And the boy is tough! 
He cried for a few minutes but then stopped.  
Similar to the time he face planted out of the Radio Flyer . . . 

So, at 1st glance I didn't really think this time was going to be anything more than just a lot of blood so you know I grabbed the meter. Save a finger grab it while you can seemed like a good motto at the time. 

Ehhh - - - well turns out it this one was a little deeper than I thought.

Apparently, he was chasing Pancake, tripped on the living room rug, and fell head 1st into the leg of a chair.  

Off to the ER ----

Serenity now.

And . . . Yes, he is playing Cut The Rope on my mom's iPhone --- he kicks ass!

Thursday, June 2, 2011

Blogger Basal - May Edition

 The month of May has been crazy busy for the Houston family and I am guessing we are not alone.  I know I for one am WAY behind on blog reading so hopefully, the BB will get us all caught up so that we can start fresh for June.  You know June --- the month our children get out of school and are suddenly back in our care 24/7 --- AWESOME! Good Hell - I am so not prepared!

Please forgive my lack of originality but if you read last weeks post about 'losing it all' you know how my D world was rocked and I am still trying to play catch up.

Here we go . . .

May was Celiac Awareness Month --- Want to know more about Celiac? Would you like some help planning meals with Celiac?  Well, check out these awesome posts ---

Wendy at Candy Hearts wrote: Our Gluten Free Life - The Stuff We Eat 


Kris at My Sugar Bugs wrote: May is Celiac Awareness Month

I cannot even begin to tell you how helpful these 2 posts are --- Check. Them. Out. Now.

The month of May brought us D Blog Week.  Once again put together by the amazing, Karen @ Bitter~Sweet.

Here are a few of the posts that DBW brought us ---

Jen at I am Your Pancreas wrote A Letter to Dexie --- Dex better step up his game or Jen just might throw him out the window.  Wouldn't that be a sight to see?

Misty @ Life is Like a Box of Chocolates wrote her Sweet Ally a letter titled 'I will Fight your Fight' inspired by the Rascal Flatts song 'I Won't Let Go'. It's a beautiful letter written by a loving D Mama to her sweet daughter that I believe all D-Rents can understand.

Sweet, Sweet Haley at Naturally Sweet wrote a letter to all of the Children with Diabetes (CWD). If you have a child with diabetes --- you must read this letter, print it out and share it with your child.  Thank you, Haley for being such a wonderful inspiration to the younger children living with type 1.  The D-rents thank you for honestly, openness and willingness to share your ups and downs with diabetes with us.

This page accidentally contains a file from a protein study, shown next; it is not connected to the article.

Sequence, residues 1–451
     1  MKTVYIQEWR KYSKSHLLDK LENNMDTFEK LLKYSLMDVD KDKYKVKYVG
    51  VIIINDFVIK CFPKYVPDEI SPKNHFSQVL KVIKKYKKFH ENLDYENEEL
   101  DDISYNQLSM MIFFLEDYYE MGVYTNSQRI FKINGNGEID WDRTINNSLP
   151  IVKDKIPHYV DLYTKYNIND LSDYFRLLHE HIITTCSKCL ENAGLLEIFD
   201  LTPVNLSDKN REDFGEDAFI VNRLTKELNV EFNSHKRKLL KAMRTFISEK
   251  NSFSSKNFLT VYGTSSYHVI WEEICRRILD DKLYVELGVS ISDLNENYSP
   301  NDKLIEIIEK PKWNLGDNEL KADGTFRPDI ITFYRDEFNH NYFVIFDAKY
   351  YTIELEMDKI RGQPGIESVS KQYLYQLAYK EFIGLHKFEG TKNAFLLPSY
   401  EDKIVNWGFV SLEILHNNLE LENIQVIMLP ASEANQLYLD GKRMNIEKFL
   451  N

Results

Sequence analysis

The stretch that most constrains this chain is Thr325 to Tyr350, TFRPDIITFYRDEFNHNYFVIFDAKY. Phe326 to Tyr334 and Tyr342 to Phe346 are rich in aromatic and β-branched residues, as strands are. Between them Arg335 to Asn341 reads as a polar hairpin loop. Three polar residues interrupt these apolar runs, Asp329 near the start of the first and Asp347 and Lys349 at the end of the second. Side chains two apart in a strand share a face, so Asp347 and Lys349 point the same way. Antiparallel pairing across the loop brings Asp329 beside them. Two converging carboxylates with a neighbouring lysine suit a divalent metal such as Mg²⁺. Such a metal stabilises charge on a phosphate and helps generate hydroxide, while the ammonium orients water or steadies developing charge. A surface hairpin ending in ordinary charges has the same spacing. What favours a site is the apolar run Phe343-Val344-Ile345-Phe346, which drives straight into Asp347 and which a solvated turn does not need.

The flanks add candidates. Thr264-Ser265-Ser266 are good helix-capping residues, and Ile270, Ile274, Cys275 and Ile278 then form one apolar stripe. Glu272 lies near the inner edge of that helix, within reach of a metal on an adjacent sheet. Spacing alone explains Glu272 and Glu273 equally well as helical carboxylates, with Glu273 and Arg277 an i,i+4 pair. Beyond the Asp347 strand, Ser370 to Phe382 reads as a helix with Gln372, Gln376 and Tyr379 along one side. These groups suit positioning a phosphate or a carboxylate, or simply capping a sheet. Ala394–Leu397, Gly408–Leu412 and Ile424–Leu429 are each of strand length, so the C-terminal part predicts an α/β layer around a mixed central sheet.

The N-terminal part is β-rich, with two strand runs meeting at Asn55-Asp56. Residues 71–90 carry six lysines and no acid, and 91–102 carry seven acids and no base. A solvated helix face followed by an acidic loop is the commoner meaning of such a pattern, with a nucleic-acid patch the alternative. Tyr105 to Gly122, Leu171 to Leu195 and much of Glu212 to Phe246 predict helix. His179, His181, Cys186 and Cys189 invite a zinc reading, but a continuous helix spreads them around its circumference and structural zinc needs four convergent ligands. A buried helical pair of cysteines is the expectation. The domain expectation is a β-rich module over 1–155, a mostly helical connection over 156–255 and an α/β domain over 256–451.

Oh Reyna - Reyna - Reyna @ Beta Buddies . . . my lovely, lovely Reyna wrote an interesting letter to an earthworm. I promise you will never look or think about an earthworm the same way.  I saw one today and totally wanted to check the bg on that little guy.  Thanks, Reyna!

Nicole @ We Cara Lot wrote a letter about BALANCE.  Looking for some balance?  Look elsewhere my friends, with diabetes balance is tough to find.  I love the example of the picture that shows food, insulin and exercise.  Yes, if only diabetes were that easy.  Right?

I won't lie - Meri submitted a post for blogger basal but I lost it and she's in the happiest place on earth so I chose this one for her.  (Please don't be mad, Meri!)  I got to catch up on a lot of blog reading while drafting the May edition of BB and this post from Meri @ Our Diabetic Life really spoke to me.  Nighttime. It's a must read.  Just to tease you a little bit - here is one part that spoke the loudest to me --- She knows that there are others. Mothers and fathers quietly…tenderly… walking the halls of their homes. They are the guardian angels of their children.  It is nice in a way to know that we are not alone.

During this 2nd annual D-Blog Week a lot of us Super Christian, Regis & Kelly watching, Bon-Bon eating (ok I added the last one but it seemed to fit) D-Mamas found PWD blogger, Mike Lawson.  He is a crack up for sure but more importantly his honesty and openness about living with type 1 is greatly appreciated by the D-Mama community.  His post This is the one with 10 things I hate about Diabetes is so worth the mouse click to get over to his blog. 

Lora @ My Diabetic Child -- keeps it real -- ALWAYS.  This post on Day 7 of D-Blog week was short, sweet and to the point.  Lora and I see eye to eye on the glittery unicorns and how it is ok if we don't see them sparkle everyday.